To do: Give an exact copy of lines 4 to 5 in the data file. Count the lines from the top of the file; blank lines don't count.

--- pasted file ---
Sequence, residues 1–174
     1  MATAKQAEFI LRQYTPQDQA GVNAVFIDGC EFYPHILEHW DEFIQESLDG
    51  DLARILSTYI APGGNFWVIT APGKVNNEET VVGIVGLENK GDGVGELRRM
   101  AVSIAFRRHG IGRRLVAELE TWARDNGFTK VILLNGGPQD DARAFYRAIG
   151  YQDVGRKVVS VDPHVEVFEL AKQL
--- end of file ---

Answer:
   101  AVSIAFRRHG IGRRLVAELE TWARDNGFTK VILLNGGPQD DARAFYRAIG
   151  YQDVGRKVVS VDPHVEVFEL AKQL